Kendra Morris emerged from the indie soul scene, a culture that often shuns the trappings of easy fame and exorbitance. Indie soul musicians often personally fund recording sessions while working other jobs to get by. They take a long time to make albums because good soul songs are hard to write, dammit. Often ignored by both the pop media and Internet tastemakers, they cultivate a word-of-mouth support system that can sustain careers, but often breeds stylistic insularity.
The opposite seems to have happened with Morris. By not getting a chance to release a nationally distributed album until she was 30, she honed a wonderfully eccentric personality that's strongly influenced by her love of ornithology (she's decorated with bird tattoos, and this year's album is titled Mockingbird). More importantly, this individuality is reflected in her music. Her songs have unusual structures and metaphors, like when she sings "Did you ever ride a concrete wave/ Pavement cracks just an accident" to illustrate the temporal nature of romance, and then adds a second chorus, "Find you want me? No." Mockingbird finds her sifting through a variety of covers, and cannily knowing when to rearrange some (like stripping The Rolling Stones' "Miss You" of its louche disco) and when to apply her '60s soul filter to others (like Soundgarden's "Black Hole Sun").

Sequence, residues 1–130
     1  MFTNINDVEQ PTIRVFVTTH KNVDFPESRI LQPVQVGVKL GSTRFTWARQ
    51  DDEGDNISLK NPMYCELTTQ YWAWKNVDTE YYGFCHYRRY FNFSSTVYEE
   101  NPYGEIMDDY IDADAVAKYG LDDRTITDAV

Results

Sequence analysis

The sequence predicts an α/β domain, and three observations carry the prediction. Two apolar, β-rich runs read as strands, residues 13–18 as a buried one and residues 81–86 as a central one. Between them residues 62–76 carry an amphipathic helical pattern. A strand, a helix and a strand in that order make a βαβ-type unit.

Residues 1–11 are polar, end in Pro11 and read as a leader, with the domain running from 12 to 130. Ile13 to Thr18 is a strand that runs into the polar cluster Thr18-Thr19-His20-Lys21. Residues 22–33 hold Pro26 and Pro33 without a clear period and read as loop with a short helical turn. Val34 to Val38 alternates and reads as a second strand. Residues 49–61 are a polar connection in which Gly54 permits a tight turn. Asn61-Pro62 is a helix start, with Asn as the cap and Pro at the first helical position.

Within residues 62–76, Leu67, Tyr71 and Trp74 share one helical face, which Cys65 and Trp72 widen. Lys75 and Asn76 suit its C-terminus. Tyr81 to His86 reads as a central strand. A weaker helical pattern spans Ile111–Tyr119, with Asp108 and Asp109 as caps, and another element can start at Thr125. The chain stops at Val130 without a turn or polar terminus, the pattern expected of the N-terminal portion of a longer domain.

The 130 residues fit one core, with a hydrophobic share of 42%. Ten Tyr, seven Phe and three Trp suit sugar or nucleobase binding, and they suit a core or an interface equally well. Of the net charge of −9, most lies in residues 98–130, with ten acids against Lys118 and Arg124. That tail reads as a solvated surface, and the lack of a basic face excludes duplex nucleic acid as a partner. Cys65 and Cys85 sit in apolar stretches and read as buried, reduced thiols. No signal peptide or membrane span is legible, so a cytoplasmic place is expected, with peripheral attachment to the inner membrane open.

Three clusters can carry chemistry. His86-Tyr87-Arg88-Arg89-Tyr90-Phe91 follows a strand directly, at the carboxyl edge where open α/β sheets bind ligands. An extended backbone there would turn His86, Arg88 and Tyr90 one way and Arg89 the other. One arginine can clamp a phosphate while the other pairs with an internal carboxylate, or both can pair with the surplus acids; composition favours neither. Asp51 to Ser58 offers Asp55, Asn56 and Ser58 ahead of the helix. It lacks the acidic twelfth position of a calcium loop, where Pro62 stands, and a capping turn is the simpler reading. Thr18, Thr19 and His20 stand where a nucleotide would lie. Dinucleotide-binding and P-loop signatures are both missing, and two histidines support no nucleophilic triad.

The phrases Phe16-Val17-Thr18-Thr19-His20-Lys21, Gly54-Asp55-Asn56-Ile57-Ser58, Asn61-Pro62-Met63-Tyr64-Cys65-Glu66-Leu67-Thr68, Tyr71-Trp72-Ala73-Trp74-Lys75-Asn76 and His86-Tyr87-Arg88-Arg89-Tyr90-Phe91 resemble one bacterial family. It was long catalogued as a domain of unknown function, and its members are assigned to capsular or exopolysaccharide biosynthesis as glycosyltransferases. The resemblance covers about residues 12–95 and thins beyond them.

Morris shines a little crazier than your average indie soul performer. But for now, her plight is the same as her peers', as she continues to make great records that are ripe for the world's discovery.